D.I.V.E.R. Email - April 4th, 2024

Destination • Information • Video • Environment • Record

Hey there, spearos. This is The Stone Shot, your weekly dose of spear content (and maybe some fishing, but we try to keep it below the water line)

If you’re new around here, every first Thursday of the month I send out the DIVER email. What’s that, you ask? Let me break it down for you:

The D.I.V.E.R. Email

Destination • Interesting • Video • Environment • Record


South Texas

Captain George Brown

"Spearfishing in South Texas is a truly incredible experience. We’re lucky to have a world-class location for the sport. The Gulf here is rich with marine life—from dolphins to whale sharks to diverse ecosystems with amazing reef and pelagic species."

Those are the words of Captain George Brown. He runs spearfishing & fishing charters out of South Padre Island, TX .

The big thing in STX is oil rigs. Anyone who has speared around these structures knows the unique challenge they create. You need a shorter gun to navigate inside the rigs but the larger pelagics will often come up outside the rig. That’s why Captain George uses a 105 inverted roller with an 8mm shaft.

Top targets: Cobia (lots of cobia), african pompano, wahoo (especially in winter), mahi mahi, snapper species, and tuna.

Best time of year: The best time of year is May-September but wahoo can be found during the occasional nice days from December to March. Cobia are most often found in September and October.

Reach out to Texas Blue Water Spearfishing if you want to skip the learning curve and get some local knowledge.


The Mysterious Case of the Spinning Fish

In the Florida Keys, there's a concerning phenomenon occurring with fish displaying abnormal spinning behavior, which in some cases leads to their deaths. It’s been happening since late 2023, with various species affected, showing signs of disorientation and spinning in circles.

Research into this phenomenon has involved multiple organizations, including the Florida Fish and Wildlife Conservation Commission and the Bonefish & Tarpon Trust, among others. They have been investigating several potential causes, such as environmental contaminants, fish health, and water column conditions.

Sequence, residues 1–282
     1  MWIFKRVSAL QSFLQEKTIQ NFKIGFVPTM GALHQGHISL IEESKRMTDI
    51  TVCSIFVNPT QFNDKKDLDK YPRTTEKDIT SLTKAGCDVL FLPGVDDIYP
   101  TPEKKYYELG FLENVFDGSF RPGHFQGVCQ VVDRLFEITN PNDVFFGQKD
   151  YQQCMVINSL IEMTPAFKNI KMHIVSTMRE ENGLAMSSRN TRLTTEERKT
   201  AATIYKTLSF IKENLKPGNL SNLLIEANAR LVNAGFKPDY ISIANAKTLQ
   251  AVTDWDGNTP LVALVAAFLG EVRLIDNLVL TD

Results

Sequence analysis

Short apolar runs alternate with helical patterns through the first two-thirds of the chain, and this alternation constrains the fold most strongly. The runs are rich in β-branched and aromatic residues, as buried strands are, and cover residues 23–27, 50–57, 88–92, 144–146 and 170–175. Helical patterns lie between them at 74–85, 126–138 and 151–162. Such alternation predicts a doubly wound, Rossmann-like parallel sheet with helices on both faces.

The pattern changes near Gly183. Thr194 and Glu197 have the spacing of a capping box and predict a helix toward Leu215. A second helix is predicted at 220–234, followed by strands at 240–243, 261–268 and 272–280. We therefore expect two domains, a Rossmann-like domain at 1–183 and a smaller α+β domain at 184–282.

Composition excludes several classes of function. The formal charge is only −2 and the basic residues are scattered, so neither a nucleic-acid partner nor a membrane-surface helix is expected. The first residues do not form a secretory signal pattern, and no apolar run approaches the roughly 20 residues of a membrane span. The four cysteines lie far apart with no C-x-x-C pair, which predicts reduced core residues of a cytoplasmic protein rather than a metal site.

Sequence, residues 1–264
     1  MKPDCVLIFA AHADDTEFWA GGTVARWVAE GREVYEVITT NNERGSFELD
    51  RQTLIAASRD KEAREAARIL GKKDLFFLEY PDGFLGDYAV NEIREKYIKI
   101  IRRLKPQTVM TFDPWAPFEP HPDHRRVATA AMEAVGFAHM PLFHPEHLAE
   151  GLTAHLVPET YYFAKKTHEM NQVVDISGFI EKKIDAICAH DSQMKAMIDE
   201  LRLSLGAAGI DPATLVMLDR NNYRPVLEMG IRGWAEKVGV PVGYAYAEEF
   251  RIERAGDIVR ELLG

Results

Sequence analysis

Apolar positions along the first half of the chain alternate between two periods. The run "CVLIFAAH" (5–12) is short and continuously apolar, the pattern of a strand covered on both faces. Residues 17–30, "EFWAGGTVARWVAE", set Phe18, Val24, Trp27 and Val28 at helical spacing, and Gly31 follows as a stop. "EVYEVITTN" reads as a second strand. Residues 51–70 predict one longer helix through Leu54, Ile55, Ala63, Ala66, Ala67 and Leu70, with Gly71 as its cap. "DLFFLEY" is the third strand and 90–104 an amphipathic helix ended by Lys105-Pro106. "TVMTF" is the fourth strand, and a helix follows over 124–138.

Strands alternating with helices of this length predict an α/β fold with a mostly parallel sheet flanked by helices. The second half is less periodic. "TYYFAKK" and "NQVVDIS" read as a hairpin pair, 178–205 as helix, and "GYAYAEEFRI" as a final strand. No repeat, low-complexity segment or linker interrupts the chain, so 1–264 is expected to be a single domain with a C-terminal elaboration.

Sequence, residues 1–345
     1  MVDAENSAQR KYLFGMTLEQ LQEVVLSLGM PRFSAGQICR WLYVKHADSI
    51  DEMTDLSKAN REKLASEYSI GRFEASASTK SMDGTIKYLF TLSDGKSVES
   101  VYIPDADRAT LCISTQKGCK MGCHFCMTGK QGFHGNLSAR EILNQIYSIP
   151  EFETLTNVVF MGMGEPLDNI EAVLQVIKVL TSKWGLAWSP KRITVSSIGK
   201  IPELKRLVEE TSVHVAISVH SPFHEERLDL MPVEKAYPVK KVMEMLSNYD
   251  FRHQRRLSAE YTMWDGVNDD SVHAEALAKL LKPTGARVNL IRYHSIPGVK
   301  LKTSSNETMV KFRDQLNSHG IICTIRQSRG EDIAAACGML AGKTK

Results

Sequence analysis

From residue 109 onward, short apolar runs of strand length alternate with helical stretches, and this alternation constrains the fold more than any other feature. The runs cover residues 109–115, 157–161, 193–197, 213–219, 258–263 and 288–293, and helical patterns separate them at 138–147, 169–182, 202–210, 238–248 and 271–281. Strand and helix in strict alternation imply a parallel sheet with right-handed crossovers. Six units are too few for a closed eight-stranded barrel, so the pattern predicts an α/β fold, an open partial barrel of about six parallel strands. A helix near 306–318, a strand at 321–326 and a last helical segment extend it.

But so far, no definitive cause has been pinpointed.

A Green Lead?

One interesting lead that researchers are exploring involves elevated levels of the algae Gambierdiscus in the water where affected fish have been found. This algae is associated with ciguatera poisoning, which affects marine life and humans (iykyk), and its increased presence might be linked to the observed fish behaviors.

Despite the ongoing investigations, the exact cause of the spinning behavior and subsequent fish deaths remains unclear. However, the collaborative efforts among scientists and environmentalists are hoping to uncover the root cause to address and mitigate this environmental concern​.

We will keep you updated when we know more.


Some of the greatest battles in film - Braveheart, Gladiator and Jose Liccardo fighting this stud sea lion for a white sea bass... 🤯

Click photo


An Eco Friendly Spearfishing Competition

I spoke with Mat Coombe the other week about his event Cartel Ranch Spearfishing Rodeo. According to Mat, “it’s the first and only eco friendly sustainable spearfishing competition in the UK”.

Sounds great. But what makes it “sustainable”?

No Boundaries - “The competition runs from dawn till dusk on Saturday, allowing divers to explore anywhere in the UK, provided they return by 5 pm for fish scoring. This limits the damage to one beach by not having 50-100 divers at one spot.”

Point System Over Weight - “We use a point system where only one of each species is counted. This cuts down on waste and prevents people from just spending the whole competition hunting the biggest fish. Also, it means fish can be presented scaled and gutted and ready for eating or freezing.”